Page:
From all three, we learn that at the right time, our tongues will be loosed to sing (Luke 1.64, 67-80), our hearts will be moved to prophesy (Luke 1.41-55), and our scroll of revelation may be unsealed. (Daniel 12.9-10; Revelation 5.2-5)

We can follow the instructions Gabriel spoke to Daniel. (Daniel 12.13)
We can go. Move on from doubts and questions to faith and action.
We can rest. We can trust the outcome of life and eternity to Christ.
We can rise. At the proper time, in this life or the next, we will be raised up.

Divine Hours Prayer: The Short Verse
I am the Alpha and the Omega, says the Lord God, who is, who was, and who is to come, the Almighty. — Revelation 1.8

– Divine Hours prayers from The Divine Hours: Prayers for Autumn and Wintertime by Phyllis Tickle

Today’s Readings
Daniel 12  (Listen – 2:40)
Psalm 119:49-72 (Listen – 15:14)

Read more about Breaking the Rhyme Scheme
Christians do not believe in cyclical, neverending, repetition. We know that an end is coming and a new beginning. However, history does rhyme.

Read more about Living Is Harder—Readers’ Choice
Living for Christ in the world often makes a larger difference in the world than dramatic sacrifices.

Breaking the Rhyme Scheme

Scripture Focus: Daniel 11.36, 45
36 “The king will do as he pleases. He will exalt and magnify himself above every god and will say unheard-of things against the God of gods. He will be successful until the time of wrath is completed, for what has been determined must take place…
45 He will pitch his royal tents between the seas at the beautiful holy mountain. Yet he will come to his end, and no one will help him.

Reflection: Breaking the Rhyme Scheme
By John Tillman

Daniel’s visions of nations and wars most directly depict the near future for the region leading up to Antiochus Epiphanes.

Many texts Christians today see as pointing to a future Antichrist, Jews prior to Christ saw as having been fulfilled in Antiochus. He was the villain-oppressor whose desecration of the Temple inspired the Maccabean revolt and the holiday celebrated today as Hanukkah. Jesus and the disciples are separated from this conflict by only a few generations and would have been familiar with it.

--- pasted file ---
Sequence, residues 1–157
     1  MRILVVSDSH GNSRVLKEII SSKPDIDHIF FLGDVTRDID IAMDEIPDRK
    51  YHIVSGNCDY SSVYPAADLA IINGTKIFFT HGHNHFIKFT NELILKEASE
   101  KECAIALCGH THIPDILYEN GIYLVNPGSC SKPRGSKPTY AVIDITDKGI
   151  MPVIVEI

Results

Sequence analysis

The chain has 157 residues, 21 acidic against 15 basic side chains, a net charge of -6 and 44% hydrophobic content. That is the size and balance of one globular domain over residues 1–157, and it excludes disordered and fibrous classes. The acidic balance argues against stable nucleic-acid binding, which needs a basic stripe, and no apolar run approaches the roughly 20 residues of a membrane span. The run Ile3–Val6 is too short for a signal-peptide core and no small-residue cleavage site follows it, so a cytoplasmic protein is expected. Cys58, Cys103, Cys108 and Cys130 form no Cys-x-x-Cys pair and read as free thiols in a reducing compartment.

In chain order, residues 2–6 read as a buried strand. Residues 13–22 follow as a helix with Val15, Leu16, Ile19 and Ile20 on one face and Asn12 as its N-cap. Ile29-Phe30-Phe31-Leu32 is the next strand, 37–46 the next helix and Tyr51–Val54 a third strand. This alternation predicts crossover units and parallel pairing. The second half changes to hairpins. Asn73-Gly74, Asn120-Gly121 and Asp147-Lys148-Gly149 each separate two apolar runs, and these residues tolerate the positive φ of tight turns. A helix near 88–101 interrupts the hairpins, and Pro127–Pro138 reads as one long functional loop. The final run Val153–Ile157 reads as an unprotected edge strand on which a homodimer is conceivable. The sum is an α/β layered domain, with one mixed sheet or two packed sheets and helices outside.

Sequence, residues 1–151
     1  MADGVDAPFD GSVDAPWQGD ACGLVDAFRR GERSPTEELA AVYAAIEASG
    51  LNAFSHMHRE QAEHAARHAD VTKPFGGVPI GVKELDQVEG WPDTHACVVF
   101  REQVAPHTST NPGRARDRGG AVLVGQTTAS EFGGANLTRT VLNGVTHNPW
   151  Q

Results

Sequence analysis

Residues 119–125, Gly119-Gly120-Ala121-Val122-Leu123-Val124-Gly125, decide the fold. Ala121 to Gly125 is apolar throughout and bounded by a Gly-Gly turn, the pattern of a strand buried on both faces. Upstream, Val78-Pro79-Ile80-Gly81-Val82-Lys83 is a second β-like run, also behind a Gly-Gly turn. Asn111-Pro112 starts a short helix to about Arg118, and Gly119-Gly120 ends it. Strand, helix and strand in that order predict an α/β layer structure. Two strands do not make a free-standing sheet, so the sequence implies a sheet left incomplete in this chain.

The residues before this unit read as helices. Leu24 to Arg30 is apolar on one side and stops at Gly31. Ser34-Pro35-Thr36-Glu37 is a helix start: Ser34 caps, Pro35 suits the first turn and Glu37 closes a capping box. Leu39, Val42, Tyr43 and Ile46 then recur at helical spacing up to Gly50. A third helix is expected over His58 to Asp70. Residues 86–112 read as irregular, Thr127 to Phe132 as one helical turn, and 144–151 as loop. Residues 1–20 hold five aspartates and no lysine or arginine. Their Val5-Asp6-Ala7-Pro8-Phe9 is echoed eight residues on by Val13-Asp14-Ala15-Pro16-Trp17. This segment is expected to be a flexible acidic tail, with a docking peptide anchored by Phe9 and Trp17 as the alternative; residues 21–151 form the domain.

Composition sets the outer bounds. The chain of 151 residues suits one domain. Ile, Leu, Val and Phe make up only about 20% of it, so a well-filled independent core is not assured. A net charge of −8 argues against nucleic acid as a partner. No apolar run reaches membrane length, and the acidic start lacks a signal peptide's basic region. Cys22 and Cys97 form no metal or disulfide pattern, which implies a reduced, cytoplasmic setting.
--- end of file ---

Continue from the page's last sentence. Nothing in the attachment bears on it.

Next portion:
Daniel sees the same events through multiple visions that use slightly different images. To many this implies that the visions can have multiple interpretations and apply to more than one moment in history. New Testament writers seemed to see more than fulfilled prophecies of the past, but a pattern for the future. They looked to Daniel, echoing his style and language in their writing about Christ’s second advent. 

It can’t be proved that Mark Twain actually said, “History doesn’t repeat itself, but it rhymes.” However, he certainly expressed similar ideas. Behind this quote, there is a karmic concept of ever-repeating history that will never end. 

Christians do not believe in this kind of cyclical, neverending, repetition. We know that an end is coming and a new beginning. However, we can see through Daniel’s and other apocalyptic prophecies, that history does rhyme. There is a pattern to oppression. There is a template for empires. 

There have been many people biblical interpreters have thought followed the template of the Antichrist figure from Daniel: Diocletian, Nero, Hitler, etc. These men show us that there is a modus operandi for evil that will continue to repeat until Christ puts an end to history.

History does rhyme. It rhymes with oppression, suffering, violence, rape, racism, greed, destruction, and victimization of the most vulnerable. 

The distinctive belief of Christianity is that Christ will break this rhyme scheme. The rhythms of oppression will be rewritten. The drumbeat of violence will be silenced. The time signature of terrors will give way to rest. There will be new music that sings ever-repeating refrains of the love and faithfulness of our God.

Nations always rage and shake tiny fists. 
God always laughs; their victims he lifts.
Time will tock tick out, darkness will flicker out.
By God we’ll be kissed; our lightened souls he’ll lift.

Divine Hours Prayer: The Request for Presence
O Lord, watch over us and save us from this generation forever. — Psalm 12.7

– Divine Hours prayers from The Divine Hours: Prayers for Autumn and Wintertime by Phyllis Tickle

Today’s Readings
Daniel 11  (Listen – 8:13)
Psalm 119:25-48 (Listen – 15:14)

Read more about Revelation of Love :: Love of Advent
Christ’s apocalyptic second Advent is about releasing God’s love and about releasing us to be received by God’s love.

Read more about Prepare for the End
Whenever and however “the end” comes, we can be soberly prepared, watchfully vigilant, and unwaveringly hopeful. If we suffer, let it be for doing what is right.